Funeral, reception honors former Navajo president

Funeral, reception honors former Navajo president

LOW MOUNTAIN, Ariz. (AP) – Former Navajo Nation President Peterson Jah was honored Saturday with a funeral procession that stretched 100 miles (160 kilometers) from western New Mexico to eastern Arizona.

People lined the streets on the reservation to say their final goodbyes to a memorial leader who made education, family, culture and the Navajo language the hallmarks of his life. He fought tirelessly to right the injustices against Native Americans. “He led with grace and a crystal-clear vision of what was right for people first,” said Robert Joe, who served as master of ceremonies at a public reception Saturday afternoon. was right and in the public interest.”

Jah died late Tuesday in Fort Defiance, Arizona, surrounded by his family and after a long illness. He was 85.

Jah was buried in a private service at his family cemetery in Low Mountain, Arizona, where he was born.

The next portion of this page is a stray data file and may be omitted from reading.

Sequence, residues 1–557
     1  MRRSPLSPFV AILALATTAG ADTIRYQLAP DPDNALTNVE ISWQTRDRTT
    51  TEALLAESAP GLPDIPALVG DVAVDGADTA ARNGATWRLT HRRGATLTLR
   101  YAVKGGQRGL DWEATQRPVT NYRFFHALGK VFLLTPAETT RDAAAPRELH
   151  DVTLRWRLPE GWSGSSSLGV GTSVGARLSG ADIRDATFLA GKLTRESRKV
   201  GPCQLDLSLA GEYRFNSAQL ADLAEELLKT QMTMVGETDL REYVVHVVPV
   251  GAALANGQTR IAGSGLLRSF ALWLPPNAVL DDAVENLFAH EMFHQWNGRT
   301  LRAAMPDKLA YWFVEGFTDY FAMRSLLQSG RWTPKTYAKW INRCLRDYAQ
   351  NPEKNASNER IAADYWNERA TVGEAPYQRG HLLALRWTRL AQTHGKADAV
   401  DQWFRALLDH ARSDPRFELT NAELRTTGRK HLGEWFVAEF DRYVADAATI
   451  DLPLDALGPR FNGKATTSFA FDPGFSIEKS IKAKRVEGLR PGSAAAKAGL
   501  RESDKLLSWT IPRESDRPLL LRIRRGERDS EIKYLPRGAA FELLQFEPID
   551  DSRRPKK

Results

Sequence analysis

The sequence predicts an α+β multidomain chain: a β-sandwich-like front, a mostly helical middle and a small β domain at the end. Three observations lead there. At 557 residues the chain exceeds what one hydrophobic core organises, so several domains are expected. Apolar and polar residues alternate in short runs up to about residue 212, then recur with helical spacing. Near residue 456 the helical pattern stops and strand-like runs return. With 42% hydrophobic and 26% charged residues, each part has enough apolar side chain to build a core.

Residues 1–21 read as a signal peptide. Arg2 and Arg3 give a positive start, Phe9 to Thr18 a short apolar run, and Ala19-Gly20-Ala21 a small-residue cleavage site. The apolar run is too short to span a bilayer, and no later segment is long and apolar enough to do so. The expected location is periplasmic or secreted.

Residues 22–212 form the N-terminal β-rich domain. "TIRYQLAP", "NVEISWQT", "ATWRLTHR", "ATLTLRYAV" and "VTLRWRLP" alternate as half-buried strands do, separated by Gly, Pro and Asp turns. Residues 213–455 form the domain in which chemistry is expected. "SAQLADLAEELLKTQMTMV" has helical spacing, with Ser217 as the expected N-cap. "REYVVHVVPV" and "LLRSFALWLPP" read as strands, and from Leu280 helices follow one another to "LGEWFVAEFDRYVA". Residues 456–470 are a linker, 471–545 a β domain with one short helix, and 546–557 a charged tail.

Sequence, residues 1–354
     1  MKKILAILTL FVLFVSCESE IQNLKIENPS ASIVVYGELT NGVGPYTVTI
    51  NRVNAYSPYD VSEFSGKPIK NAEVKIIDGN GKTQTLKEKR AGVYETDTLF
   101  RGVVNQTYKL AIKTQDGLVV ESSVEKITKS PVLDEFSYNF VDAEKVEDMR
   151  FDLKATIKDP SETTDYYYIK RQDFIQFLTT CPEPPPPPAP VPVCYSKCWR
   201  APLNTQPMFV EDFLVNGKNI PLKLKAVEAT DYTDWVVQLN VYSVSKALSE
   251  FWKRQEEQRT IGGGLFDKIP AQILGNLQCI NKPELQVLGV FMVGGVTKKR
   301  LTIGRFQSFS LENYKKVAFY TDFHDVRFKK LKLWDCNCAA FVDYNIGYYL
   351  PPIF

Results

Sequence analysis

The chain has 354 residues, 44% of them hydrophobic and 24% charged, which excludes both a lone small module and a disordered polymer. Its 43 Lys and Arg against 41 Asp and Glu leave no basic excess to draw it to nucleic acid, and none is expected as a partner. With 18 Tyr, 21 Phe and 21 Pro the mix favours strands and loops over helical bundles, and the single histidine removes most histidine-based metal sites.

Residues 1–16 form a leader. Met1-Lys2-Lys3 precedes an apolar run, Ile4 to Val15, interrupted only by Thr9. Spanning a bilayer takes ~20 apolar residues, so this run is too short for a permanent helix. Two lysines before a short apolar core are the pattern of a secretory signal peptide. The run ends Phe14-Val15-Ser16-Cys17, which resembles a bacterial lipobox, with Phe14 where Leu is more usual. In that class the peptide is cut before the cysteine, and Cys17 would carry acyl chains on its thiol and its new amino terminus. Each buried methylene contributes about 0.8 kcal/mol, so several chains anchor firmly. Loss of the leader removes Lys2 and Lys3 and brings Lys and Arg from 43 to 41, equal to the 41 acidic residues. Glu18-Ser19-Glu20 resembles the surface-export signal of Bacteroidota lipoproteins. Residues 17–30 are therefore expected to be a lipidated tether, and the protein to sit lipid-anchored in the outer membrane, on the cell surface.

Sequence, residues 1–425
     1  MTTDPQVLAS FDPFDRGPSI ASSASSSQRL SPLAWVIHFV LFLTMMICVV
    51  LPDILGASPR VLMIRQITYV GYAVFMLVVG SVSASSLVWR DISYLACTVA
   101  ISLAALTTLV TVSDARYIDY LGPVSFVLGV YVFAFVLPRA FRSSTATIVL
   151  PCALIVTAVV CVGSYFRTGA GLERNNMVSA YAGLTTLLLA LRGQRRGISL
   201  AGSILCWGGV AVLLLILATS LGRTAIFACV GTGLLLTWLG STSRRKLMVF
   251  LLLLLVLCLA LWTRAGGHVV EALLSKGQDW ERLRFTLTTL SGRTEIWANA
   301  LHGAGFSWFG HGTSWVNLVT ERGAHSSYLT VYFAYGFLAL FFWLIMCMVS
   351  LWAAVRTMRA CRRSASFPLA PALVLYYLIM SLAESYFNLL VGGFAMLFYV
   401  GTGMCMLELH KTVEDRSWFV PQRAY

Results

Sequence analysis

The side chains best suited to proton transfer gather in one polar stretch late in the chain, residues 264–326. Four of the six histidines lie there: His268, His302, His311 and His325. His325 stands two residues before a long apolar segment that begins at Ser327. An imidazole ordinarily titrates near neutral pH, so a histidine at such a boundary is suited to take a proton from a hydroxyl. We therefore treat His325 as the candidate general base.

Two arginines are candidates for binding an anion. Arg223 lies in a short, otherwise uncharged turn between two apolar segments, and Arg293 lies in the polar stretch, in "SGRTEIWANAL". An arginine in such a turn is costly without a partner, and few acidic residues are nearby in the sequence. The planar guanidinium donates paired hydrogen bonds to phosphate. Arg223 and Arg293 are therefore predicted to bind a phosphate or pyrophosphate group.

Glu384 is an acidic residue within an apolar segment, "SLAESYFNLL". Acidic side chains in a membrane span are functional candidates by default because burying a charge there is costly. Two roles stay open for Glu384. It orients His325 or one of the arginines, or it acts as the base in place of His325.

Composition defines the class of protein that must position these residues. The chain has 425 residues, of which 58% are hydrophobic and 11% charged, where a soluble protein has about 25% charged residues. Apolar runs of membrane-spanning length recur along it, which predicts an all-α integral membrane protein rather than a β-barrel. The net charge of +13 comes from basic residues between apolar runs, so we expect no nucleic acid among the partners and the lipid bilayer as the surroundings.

The procession passed through several Navajo communities, with people holding their hands over their hearts and displaying signs announcing that Jah would be missed. Navajo Tribal Utility Authority hoists flags from utility trucks along the route.

There was Zah First elected president In the Navajo Nation – the largest tribal reservation in the United States – centralization of power in the office of the chairman was prevented after the government was reorganized into three branches in 1990. At the time, the tribe was reeling from a deadly riot instigated a year earlier by Jah’s political rival, former chairman Peter McDonald.

Jah, who also served a term as tribal chairman, promised to rebuild the Navajo Nation. Under his leadership, the tribe established what is now a multi-billion-dollar permanent fund after winning a court battle that the tribe had control over tax companies that extract minerals from the vast reservation.

“President Jah has never lost sight of his purpose: to stand up for the dignity and honor of the Navajo people,” President Joe Biden and First Lady Jill Biden wrote in a letter to Jah’s family on Saturday.

Sometimes referred to as the Native American Robert Kennedy, Jah was known for his charisma, ideas and ability to get things done, including lobbying federal officials to ensure that Native Americans could use peyote as a religious ritual.

Jah also worked to ensure that Native Americans were reflected in federal environmental laws such as the Clean Water Act and the Clean Air Act.

He was known for his low-key but stern leadership style, driving a battered, white 1950s International pickup that was on display outside the public reception Saturday.

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